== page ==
Dipole Antennas

1 Dipole Antennas

Dipole antennas are a type of radio antenna that is very common at lower frequencies, where wavelengths are long enough that such elements are reasonable to build. The performance of a dipole antenna depends on its tip-to-tip length, ${\displaystyle L}$, as measured in units of wavelength, ${\displaystyle \lambda }$. Two common regimes are:

• Short (${\displaystyle L\ll \lambda }$)
• Half-wave (${\displaystyle L=\lambda /2}$)

The most efficient of these is the half-wave dipole, which we will consider in more detail.

1.1 Deriving Far-Field Beam Patterns

The far-field ${\displaystyle E}$-field generated by currents flowing in an antenna can by calculated using the Fourier transform of the current density flowing in the aperture (modified by a directionality component that reflects that currents flowing in a direction emit most strongly perpendicular to that direction). And by the reciprocity theorem, the reverse is true: the Fourier transform of the beam pattern show the currents that are excited in the aperture. So when deriving the beam response of a dipole, it is important to note that current does not flow at the tips of the dipole, and that the current excited increases toward the center.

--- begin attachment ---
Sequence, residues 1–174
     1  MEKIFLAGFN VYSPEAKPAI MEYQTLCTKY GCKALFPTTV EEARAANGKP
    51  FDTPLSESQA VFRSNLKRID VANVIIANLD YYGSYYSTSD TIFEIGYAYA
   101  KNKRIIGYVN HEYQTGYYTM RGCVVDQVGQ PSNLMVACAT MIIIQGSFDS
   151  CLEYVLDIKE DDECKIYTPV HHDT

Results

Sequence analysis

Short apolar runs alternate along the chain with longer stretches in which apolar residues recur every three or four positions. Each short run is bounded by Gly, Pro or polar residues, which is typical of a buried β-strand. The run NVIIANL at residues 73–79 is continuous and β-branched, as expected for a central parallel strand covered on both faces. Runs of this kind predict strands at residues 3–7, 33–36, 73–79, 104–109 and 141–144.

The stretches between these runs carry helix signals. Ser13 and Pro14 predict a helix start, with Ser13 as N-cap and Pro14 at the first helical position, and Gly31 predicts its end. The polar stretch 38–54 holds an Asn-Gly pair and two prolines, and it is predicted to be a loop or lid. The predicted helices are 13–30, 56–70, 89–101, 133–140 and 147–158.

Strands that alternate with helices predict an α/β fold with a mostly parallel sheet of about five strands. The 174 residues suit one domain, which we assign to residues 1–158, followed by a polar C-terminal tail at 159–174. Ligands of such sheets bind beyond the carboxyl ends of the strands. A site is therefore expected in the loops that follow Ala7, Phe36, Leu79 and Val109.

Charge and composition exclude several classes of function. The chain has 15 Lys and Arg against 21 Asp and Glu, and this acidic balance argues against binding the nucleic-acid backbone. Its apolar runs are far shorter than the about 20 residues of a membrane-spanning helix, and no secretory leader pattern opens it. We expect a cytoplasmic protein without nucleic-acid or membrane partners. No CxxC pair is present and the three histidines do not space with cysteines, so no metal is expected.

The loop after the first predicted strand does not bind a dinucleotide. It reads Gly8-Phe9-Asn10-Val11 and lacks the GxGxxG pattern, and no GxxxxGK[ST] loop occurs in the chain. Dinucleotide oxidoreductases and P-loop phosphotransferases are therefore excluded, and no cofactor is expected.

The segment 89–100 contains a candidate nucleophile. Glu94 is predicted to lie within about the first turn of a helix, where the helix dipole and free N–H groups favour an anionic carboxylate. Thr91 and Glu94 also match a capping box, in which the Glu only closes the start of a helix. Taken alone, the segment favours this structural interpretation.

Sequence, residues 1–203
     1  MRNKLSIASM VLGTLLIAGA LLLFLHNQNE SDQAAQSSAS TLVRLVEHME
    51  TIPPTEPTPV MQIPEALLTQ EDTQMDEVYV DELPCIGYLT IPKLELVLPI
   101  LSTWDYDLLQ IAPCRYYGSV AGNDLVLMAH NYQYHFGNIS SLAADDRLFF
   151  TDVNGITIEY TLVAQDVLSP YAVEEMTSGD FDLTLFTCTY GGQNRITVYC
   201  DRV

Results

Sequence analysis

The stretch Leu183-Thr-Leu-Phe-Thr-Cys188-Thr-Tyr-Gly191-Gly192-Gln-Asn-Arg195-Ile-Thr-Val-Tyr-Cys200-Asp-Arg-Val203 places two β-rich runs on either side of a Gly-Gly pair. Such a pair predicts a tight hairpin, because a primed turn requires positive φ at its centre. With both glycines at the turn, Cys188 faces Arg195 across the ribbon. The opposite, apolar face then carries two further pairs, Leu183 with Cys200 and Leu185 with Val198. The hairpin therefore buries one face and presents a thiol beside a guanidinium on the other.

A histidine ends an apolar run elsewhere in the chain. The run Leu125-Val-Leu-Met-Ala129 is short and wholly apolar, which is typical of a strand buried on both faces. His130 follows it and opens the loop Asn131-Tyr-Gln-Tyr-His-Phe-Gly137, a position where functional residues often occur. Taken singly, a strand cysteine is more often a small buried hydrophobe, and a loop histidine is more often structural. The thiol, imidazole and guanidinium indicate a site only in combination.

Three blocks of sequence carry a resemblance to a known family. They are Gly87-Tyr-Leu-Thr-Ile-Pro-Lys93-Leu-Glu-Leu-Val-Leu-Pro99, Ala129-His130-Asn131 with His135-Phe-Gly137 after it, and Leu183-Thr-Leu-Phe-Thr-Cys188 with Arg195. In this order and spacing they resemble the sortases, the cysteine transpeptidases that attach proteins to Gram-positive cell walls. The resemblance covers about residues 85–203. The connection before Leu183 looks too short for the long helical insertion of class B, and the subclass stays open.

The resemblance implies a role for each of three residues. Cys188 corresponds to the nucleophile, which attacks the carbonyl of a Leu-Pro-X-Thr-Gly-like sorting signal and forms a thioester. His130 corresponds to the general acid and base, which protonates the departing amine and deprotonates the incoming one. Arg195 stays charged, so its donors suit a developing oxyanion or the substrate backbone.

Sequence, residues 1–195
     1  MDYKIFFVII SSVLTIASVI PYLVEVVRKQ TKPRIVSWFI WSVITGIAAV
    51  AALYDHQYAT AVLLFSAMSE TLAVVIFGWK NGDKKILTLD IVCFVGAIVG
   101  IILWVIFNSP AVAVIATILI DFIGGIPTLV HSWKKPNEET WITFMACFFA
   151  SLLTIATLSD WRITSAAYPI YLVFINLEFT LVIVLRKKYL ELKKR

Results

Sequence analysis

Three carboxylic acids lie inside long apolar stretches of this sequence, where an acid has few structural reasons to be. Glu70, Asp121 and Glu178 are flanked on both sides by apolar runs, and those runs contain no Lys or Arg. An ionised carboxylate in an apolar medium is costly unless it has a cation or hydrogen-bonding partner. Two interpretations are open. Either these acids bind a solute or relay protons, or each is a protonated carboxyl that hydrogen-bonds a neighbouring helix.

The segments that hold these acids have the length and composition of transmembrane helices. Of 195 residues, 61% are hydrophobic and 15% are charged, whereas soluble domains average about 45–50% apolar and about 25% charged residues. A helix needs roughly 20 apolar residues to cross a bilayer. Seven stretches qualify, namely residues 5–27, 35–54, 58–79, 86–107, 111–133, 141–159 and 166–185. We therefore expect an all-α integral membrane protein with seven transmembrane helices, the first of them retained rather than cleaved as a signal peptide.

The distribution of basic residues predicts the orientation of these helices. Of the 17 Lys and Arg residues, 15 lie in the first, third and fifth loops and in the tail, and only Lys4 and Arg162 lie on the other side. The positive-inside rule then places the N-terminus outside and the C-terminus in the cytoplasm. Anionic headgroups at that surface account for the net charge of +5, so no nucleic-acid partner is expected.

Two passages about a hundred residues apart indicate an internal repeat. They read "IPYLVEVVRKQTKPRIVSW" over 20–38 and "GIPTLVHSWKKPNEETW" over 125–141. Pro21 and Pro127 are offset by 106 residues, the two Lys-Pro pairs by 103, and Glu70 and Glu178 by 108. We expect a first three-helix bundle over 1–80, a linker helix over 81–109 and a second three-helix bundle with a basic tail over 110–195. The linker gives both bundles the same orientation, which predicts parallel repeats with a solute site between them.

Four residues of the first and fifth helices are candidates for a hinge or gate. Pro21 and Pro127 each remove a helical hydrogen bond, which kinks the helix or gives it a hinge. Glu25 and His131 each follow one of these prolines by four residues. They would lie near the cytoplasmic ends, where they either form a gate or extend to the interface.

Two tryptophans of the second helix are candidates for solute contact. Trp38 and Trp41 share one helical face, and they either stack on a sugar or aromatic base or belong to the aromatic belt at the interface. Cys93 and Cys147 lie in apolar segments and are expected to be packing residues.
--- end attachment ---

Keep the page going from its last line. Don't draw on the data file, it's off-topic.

1.2 Half-wave Dipole

The formula for the ${\displaystyle E}$-field at a distance ${\displaystyle r\gg L}$ for a half-wave dipole being driven with a current ${\displaystyle I=I_{0}e^{2\pi i\nu t}}$ is given by:

${\displaystyle E_{\theta }={\frac {-iI_{0}}{2\pi \epsilon _{0}cr}}{\frac {\cos({\frac {\pi }{2}}\cos \theta )}{\sin \theta }}e^{2\pi i(\nu t-{\frac {r}{\lambda }})},\,\!}$

where ${\displaystyle \theta }$ is the direction angle, measured from the axis of the dipole.

Half-wave dipoles have, at the wavelength that they are tuned to, a resistance of ${\displaystyle Z_{0}=73.13\Omega }$, and a gain of 2.15 dBi. This means that the peak response of the dipole beam is a factor of 1.64 higher than an (ideal) isotropic beam would have.